A lot has happened since Julia left for Mexico. Juanga has a new boyfriend, Mr. Ingman is engaged to another teacher, and Lorena has missed her period—and believes she’s pregnant. After school one day, Julia takes the train to a nearby clinic with Lorena so that she can have a pregnancy test. Julia can tell her friend is nervous, and asks what she’ll do if it’s positive. Lorena says there’s no way she’s having a baby—she doesn’t want to get stuck in their neighborhood. Julia asks Lorena how she’ll pay for an abortion, and Lorena says she’ll steal a stash of money José Luis keeps in his closet.
The world has spun on without Julia, and she’s experiencing a little bit of whiplash as she tries to catch up with all she’s missed. Lorena’s pregnancy scare brings back memories of Julia’s cousin Vanessa and the way that to get stuck in their neighborhood with a baby is to get further entrenched in the cyclical, inescapable poverty that they’ve been working so hard to escape. Lorena’s plan to steal money for an abortion further shows how poverty can lead to reckless, dangerous action.
Lorena’s test reveals that she’s not pregnant. She and Julia leave the clinic in high spirits, and Lorena says she wants to celebrate. Julia points out that they don’t have any money—but Lorena reveals that she’s already stolen five hundred dollars in cash from José Luis. The two girls head downtown to a fancy seafood restaurant overlooking the Chicago River, and gorge themselves on a platter of seafood as they discuss Julia’s love life. Lorena says she wants to meet Connor, and Julia texts him, asking him to come join them.
The girls are high on the good news about the negative test, and full of restlessness and the feeling of potential. They decide to spend a ton of money on delicious fine food, cementing that for other characters in the novel—not just Julia—ravenous consumption of food is tied to ambition, dreams, and the desire for more.
Julia tells Lorena the truth about Olga—that she was pregnant when she died, and had been seeing a married man for years. Lorena can hardly believe that the innocent Olga had such a huge secret, and asks if Julia is going to tell her parents—Julia confesses she hasn’t decided what to do. She says that learning Olga’s secrets might just upset them, though she admits there are “too many secrets” in her family already. Lorena says she thinks Julia should tell her parents, but Julia isn’t so sure.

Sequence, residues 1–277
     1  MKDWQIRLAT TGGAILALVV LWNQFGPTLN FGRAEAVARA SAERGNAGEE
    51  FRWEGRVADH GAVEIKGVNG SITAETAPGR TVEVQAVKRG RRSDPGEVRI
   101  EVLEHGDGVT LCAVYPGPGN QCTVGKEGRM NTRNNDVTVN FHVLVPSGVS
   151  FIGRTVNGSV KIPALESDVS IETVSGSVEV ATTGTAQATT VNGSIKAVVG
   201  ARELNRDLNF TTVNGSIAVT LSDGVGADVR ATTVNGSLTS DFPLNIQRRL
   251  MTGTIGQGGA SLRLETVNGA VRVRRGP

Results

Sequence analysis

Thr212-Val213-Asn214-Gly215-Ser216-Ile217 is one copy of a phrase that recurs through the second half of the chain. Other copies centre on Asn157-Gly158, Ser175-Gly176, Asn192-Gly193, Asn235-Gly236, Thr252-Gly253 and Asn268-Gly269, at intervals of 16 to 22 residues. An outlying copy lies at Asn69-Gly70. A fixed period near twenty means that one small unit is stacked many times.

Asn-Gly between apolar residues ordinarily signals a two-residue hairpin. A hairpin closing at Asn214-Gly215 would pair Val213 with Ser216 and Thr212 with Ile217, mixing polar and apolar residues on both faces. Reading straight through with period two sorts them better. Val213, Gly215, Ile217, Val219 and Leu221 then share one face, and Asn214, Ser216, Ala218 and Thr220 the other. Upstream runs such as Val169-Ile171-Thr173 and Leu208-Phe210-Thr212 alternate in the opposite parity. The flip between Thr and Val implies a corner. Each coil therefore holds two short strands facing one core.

Julia is aware of the power of the secret she’s keeping—as well as the power of the other secrets within her family. She doesn’t want to perpetuate a culture of lies anymore, but at the same time, is beginning to see that things are not so black and white—and that Lorena’s perspective about radical truthfulness might not be useful for Julia’s precarious familial situation. She sees how secrets can cause damage, but also how they can be a form of protection, too.
After lunch, the girls meet up with Connor in the city. Lorena clearly doesn’t like Connor right off the bat, but when Julia pulls Lorena aside and points out that she was the one who wanted to meet him, Lorena softens and tries to make some conversation—though she’s still pretty icy as they settle in at a coffee shop for some snacks. When Connor goes to the bathroom, Julia asks Lorena why she’s still giving Connor such a hard time. Lorena points out that Connor probably looks down on the girls and sees them as “ghetto.” Julia insists Connor isn’t like that, but Lorena argues that “they all are.”
Lorena is skeptical of Connor from the get-go. She’s protective of Julia, just as Amá is—she doesn’t want her to get hurt or to operate under false hopes. To Lorena, it’s possible that Julia’s relationship with Connor represents Julia’s desire to escape the neighborhood and socioeconomic class she and Lorena share—a slight to Lorena for sure, and an ambition she wants to tell Julia might be too lofty. More broadly, though, Lorena is skeptical of the possibility of any cross-cultural, cross-socioeconomic relationships. She can’t believe that anyone of Connor’s class can fully avoid looking down on those of a “lower” class. It’s interesting that the book never rejects Lorena’s argument. Rather it simply lets it stand, as another complication in a complicated word.